Is Oral Surgery Safe During Pregnancy?

Between all the family visits, doctor checkups and day-to-day hassles that come along with being pregnant, one has to wonder: is oral surgery safe to perform while carrying an unborn child? The short answer is yes, most definitely. Oral surgery is safe to perform while pregnant, but it is not recommended in some cases. Although it is encouraged for women to get dental care while pregnant because it is a crucial development period for oral health and can be directly related to continual overall healthiness for both mother and baby, oral surgery may be a bit overboard for many reasons. While pregnant, there are some things to know beforehand about oral surgery.

Talking to a doctor

The first order of business is to let your doctor know that you are pregnant. This will let your doctor evaluate your mouth extra carefully, as certain treatments are actually recommended to be postponed until after pregnancy. Pregnant women are more prone to cavities for a number of reasons. Due to the additional carbohydrates, most mothers eat while feeding two, this can cause additional bacteria and infection to enter the mouth. The morning sickness often associated with pregnancy can also increase the amount of acid your mouth is exposed to. In the long run, this acid can actually destroy your enamel, the outer covering of your teeth.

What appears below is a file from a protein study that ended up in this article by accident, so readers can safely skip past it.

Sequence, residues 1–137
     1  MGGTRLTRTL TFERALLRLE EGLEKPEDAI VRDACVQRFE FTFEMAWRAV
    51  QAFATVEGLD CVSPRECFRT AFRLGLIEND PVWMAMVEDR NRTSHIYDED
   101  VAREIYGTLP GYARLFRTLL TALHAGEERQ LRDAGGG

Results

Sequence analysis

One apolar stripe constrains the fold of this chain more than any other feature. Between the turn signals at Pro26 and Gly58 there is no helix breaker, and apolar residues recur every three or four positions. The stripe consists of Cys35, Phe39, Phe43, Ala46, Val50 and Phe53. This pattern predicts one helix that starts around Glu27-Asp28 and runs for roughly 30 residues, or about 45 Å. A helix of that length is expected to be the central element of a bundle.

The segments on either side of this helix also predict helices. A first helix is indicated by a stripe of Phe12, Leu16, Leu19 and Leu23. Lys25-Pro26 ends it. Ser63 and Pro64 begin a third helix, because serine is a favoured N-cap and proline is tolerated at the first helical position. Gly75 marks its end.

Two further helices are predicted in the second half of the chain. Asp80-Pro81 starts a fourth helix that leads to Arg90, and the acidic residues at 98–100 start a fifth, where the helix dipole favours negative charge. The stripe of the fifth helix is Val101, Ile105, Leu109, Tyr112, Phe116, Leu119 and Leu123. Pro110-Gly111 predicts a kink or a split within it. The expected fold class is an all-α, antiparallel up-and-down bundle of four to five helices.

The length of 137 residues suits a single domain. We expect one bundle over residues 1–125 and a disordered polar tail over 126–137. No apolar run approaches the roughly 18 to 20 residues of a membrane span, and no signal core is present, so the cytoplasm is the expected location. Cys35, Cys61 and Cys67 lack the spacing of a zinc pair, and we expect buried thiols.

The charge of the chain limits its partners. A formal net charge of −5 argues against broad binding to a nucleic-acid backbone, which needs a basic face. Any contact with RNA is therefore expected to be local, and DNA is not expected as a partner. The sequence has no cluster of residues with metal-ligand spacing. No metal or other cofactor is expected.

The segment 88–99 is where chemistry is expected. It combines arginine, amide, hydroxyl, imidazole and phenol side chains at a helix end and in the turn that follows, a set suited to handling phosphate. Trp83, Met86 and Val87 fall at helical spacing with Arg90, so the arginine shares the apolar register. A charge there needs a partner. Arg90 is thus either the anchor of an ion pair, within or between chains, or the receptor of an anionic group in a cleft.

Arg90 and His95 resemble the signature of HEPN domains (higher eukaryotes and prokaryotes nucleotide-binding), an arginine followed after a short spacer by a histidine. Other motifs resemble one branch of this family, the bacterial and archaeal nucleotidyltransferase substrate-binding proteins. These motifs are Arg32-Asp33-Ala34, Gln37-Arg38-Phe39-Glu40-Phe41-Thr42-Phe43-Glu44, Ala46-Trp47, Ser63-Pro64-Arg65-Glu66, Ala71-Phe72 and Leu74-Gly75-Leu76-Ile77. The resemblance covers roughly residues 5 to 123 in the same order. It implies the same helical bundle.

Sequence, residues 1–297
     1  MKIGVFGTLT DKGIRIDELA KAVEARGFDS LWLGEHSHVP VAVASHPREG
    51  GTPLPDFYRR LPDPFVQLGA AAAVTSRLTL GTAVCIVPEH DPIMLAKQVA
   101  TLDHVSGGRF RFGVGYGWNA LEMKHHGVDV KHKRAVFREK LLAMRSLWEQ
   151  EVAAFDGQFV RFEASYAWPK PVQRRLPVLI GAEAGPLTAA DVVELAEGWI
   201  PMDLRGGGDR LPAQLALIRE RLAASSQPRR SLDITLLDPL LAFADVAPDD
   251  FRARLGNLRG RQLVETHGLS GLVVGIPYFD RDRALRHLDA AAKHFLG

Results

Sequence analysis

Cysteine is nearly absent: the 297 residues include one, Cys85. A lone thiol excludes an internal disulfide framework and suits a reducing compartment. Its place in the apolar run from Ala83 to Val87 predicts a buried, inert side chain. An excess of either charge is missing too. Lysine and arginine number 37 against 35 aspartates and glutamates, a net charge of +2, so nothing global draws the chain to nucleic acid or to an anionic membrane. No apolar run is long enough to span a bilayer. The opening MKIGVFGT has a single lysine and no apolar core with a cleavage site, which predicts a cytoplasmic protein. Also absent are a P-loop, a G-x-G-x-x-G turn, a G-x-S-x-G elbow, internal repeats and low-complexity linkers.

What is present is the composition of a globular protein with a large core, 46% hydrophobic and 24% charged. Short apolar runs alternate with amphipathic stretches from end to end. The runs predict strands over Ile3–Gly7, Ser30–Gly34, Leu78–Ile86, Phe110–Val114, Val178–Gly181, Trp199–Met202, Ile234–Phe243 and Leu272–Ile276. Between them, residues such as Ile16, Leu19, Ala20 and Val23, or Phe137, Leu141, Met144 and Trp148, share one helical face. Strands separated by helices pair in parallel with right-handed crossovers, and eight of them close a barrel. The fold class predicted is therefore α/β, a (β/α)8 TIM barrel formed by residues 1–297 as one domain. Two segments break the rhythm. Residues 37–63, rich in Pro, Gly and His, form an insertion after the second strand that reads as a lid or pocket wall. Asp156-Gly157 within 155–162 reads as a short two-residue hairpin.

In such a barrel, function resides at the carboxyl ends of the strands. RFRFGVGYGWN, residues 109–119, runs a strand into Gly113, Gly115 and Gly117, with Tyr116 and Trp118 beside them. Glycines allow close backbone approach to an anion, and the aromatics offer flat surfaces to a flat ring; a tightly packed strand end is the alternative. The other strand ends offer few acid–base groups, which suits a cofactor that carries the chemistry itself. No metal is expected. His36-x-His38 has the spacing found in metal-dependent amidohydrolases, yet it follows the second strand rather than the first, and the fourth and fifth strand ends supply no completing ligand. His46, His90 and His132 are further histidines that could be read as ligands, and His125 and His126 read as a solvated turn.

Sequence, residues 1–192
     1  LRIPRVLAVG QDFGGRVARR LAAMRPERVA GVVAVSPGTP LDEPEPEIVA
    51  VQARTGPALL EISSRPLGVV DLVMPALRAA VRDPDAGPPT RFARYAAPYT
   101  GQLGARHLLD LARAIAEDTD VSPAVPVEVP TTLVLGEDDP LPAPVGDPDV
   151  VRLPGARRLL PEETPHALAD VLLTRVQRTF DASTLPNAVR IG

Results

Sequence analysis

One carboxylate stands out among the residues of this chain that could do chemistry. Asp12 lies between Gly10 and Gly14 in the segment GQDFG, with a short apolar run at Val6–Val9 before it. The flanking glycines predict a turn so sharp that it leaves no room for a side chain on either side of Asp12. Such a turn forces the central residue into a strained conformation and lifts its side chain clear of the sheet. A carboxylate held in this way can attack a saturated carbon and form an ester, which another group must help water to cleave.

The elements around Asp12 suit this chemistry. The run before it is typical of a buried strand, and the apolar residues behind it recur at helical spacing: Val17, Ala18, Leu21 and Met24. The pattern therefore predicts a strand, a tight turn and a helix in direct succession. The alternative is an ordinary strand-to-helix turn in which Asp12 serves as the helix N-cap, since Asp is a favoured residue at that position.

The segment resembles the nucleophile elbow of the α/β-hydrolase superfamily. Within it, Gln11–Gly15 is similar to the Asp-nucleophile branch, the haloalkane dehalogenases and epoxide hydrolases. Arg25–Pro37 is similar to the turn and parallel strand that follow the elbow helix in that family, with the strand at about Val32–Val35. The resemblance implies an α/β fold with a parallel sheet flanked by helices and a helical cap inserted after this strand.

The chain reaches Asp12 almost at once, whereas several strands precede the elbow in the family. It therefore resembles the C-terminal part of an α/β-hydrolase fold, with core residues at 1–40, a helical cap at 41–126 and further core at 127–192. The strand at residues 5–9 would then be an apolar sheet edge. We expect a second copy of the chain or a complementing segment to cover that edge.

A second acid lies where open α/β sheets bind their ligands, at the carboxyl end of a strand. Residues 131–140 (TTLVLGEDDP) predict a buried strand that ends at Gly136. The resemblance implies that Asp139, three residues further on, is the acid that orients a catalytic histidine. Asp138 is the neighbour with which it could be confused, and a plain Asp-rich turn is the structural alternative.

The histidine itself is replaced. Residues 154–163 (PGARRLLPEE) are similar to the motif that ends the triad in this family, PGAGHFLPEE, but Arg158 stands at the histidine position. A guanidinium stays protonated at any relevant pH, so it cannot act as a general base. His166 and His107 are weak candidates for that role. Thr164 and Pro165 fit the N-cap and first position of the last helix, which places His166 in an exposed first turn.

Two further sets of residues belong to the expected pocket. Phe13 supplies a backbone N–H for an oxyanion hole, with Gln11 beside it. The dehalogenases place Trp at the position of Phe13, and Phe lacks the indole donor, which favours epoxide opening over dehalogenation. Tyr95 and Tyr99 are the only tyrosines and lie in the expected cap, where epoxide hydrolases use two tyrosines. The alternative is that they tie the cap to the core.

Dangers of sedation

Although dental checkups are recommended while pregnant, they do not require any sort of sedatives or anesthetic. While you are pregnant, the most important thing is to take every precaution possible to ensure that your child is born healthy and without any issues. Harder oral surgeries that require any sedative or anesthetic can be particularly harmful to the unborn child. Lighter oral surgeries that do not require numbing are recommended and safe while pregnant.

When is oral surgery safe?

The first and second trimesters of pregnancy are generally the safest to perform oral surgeries. Anything past the third trimester is generally avoided unless absolutely necessary. This goes for all surgeries in general, not just those taking place in the mouth. Always take into account the nature of the surgery itself. Even though a patient could be only in the first trimester, if the surgery requires heavy sedation due to the weight of the patient, it might be better to postpone the operation until the baby is born to avoid any chance of passing on ill effects. X-rays are vital in diagnosing oral and jaw-related health problems, as there are often issues below the surface of the teeth. Luckily, there is no diagnostic use of X-rays that have radiation levels high enough to harm a developing baby when the appropriate shielding is used for precaution.

In a perfect world, any oral surgeries would be done before pregnancy. If you believe you will be pregnant in the near future, this is the perfect time to get corrections to your teeth done.

Are you considering oral surgery in the Sterling area? Get more oral surgery information at https://www.titandentalcare.com.

Check out what others are saying about our dental services on Yelp: Oral Surgery.

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